How often have we been in a conversation with a colleague about trying to meet the needs of all of our students, and we hear the dreaded phrase “well, just differentiate”… this blanket statement can bring about visions of creating 18 different lesson plans for our 18 students. This is not sustainable, so what is differentiation REALLY? How do we meet the needs of diverse learners and keep our sanity?
Workshops focussing on differentiation are, ironically, often not differentiated. It is important that all professional learning, including those experiences based on the topic of differentiation, attempt to have teachers experience differentiated learning as well as reinforce the foundations of how and why we differentiate content, process, product and environment for students.
Planning for Differentiation
It is important to understand not only specific strategies but to also know why we might differentiate. What information do we need as teachers in order to plan appropriately for our individual students as well as our whole class experiences? We need to know a combination of Learning Styles, Multiple Intelligences, content readiness, and student interests in order to Plan for Differentiation.
This information can be compiled into a Learner Profile Card or a Whole-Class Preferences Summary Chart to allow both students and teachers to know what and how learners might learn best.
Something that is often an ‘aha’ for adults is to consider whether they are “Think to Talk or Talk to Think” learners. If someone is a think-to-talker and is forced to jump into group work without first having the chance to get their thoughts in order, they may have a feeling of being unsafe expressing their ideas. If a talk-to-thinker is forced to read quietly before they are allowed to talk, they may find that their minds wander and are unable to focus. This same sense of safety is true for student learners as well.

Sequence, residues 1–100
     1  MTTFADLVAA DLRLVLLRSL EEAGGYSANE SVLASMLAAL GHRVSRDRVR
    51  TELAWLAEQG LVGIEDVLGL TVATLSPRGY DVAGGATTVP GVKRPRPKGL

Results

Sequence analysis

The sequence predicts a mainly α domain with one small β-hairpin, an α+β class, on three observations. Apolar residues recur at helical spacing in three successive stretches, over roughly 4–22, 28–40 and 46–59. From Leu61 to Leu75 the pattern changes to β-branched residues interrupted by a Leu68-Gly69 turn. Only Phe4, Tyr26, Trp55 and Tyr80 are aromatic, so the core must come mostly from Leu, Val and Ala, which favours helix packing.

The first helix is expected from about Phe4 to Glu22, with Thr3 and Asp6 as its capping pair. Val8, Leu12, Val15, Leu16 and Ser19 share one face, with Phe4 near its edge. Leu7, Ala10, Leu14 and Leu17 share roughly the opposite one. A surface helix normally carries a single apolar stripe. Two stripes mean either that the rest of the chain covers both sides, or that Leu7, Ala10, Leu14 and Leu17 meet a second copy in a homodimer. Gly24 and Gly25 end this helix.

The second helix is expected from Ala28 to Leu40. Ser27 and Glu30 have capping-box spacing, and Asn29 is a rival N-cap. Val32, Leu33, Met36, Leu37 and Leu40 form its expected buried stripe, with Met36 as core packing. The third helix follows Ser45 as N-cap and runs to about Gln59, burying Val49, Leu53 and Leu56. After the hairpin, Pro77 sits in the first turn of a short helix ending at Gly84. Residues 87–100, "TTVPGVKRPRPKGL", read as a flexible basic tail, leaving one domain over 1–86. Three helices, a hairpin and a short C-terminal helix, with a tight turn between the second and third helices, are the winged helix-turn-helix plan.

One of the foundational researchers in the area of differentiation is Carol Tomlinson, who describes differentiation as
- Being curious about our students,
- Having relationships between teachers and students; and
- Providing a variety of learning experiences to learners
Differentiating content allows you to address gaps in understanding to build readiness. We know in literacy that activating prior knowledge is essential for students to make connections to new learning. This is true in other subjects as well. Assessing prior knowledge allows gaps to be addressed before new concepts are introduced. Differentiating content allows students to ACCESS information and learning.
Your curriculum drives the knowledge, concepts, skills, and understandings a student needs to know and use. While the curricular outcome cannot change for individual students, the delivery format for content such as video, readings, audio, reading level can be differentiated. Content can also be chunked, shared through visual graphic organizers, or addressed through jigsaws to reduce the volume of information each individual needs to interact with. Themes can be based on personal interest to increase interest and understanding if a specific topic is not required by the curriculum.